The off-key song is somewhat awkward, somewhat long, and a little wild, but “we’re all a little wild, and if you’re living with the traumatization of living outdoors, of course you’re a little wild,” Stewart said.
As five panelists of different religious backgrounds discussed their traditions, women around the room at an iftar held in Syracuse, NY, began to latch onto the thread of commonality that brought them together.
The Women’s Iftar was the first of its kind organized by Women Transcending Boundaries, a URI Cooperation Circle and egalitarian community of women from different faith and cultural traditions that seeks to educate and serve their community. The shared iftar, a meal eaten by Muslims after sunset during Ramadan, was as much of a way to empower women in their community as it was to break fast.
Instead of looking at the closing of Scarboro Mission after over 30 years of service as the end of an era, Director of Interfaith Work Paul McKenna sees it as an opportunity to take their ministry to college campuses.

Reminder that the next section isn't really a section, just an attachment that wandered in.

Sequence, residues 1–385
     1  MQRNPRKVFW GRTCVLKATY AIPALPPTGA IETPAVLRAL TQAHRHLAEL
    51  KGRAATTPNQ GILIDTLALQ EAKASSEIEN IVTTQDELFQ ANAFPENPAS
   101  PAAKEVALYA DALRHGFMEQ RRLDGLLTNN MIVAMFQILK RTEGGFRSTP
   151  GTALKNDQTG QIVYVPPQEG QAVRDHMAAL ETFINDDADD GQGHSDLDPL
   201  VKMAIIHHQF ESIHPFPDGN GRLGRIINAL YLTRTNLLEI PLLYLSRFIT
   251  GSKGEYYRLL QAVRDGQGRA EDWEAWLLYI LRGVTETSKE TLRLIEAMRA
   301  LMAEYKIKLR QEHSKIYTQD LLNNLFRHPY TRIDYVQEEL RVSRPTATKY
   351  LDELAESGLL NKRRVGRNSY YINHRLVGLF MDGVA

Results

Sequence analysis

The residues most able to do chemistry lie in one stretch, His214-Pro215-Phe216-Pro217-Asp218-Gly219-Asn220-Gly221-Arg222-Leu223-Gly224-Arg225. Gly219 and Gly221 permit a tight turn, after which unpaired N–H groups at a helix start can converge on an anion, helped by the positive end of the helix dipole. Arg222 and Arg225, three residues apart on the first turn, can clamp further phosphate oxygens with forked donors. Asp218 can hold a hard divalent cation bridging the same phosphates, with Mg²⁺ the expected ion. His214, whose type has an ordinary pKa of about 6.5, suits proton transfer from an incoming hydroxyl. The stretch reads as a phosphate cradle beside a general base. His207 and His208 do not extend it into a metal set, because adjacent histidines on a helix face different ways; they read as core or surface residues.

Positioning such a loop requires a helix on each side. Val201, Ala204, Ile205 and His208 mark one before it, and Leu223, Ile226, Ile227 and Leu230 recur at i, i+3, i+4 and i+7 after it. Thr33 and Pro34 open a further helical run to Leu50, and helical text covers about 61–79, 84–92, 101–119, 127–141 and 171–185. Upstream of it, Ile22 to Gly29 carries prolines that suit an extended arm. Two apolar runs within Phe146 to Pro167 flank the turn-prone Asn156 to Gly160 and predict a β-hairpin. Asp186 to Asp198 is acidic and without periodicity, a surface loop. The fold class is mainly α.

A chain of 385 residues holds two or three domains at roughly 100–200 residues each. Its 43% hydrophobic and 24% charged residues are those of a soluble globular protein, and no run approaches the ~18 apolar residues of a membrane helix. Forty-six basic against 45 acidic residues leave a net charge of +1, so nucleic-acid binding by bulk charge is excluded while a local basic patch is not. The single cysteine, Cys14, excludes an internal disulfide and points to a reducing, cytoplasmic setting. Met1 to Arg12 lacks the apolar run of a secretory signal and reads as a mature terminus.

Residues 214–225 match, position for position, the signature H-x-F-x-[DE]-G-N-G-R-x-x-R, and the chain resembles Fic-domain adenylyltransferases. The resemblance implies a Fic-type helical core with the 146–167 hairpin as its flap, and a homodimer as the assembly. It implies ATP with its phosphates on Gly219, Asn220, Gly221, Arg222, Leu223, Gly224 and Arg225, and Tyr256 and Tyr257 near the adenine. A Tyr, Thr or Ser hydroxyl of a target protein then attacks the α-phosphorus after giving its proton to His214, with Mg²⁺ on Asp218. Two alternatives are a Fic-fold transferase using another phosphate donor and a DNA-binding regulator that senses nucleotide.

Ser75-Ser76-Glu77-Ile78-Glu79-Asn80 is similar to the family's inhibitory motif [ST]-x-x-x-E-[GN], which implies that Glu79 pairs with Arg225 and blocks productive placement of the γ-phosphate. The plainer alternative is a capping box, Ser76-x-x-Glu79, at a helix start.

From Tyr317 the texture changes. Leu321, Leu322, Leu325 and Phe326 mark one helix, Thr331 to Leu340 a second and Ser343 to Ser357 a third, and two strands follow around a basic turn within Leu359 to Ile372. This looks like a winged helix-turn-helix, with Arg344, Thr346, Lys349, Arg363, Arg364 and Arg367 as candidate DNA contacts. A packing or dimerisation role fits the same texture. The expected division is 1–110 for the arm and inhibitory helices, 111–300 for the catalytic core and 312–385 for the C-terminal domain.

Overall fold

Although Scarboro Mission as we know it will disband this year, their work will continue, beginning with the opening of an Interfaith Chair of Studies at Regis University (Toronto, Ontario). The transition from Scarboro Mission as a stand-alone organization into the academic world is being funded by large donations given to Regis University in Scarboro Mission’s name. These donations will enable the school to set up a “professorship” that will permanently build a study of interfaith, McKenna said.
Leaders in interfaith communities knew they had to meet protest with peace when the largest anti-Muslim grassroots organization in the U.S. announced demonstrations to take place on June 10.
“It was incredible to see the turnout [of counter-protesters] who were there to show solidarity,” said Kate Chance, interfaith coordinator at the Islamic Networks Group (ING), a nonprofit organization that counters bigotry through conversation and interfaith engagement. “I thought it was really peaceful as a whole,” she said of the Unity Rally she attended in San Jose, Calif.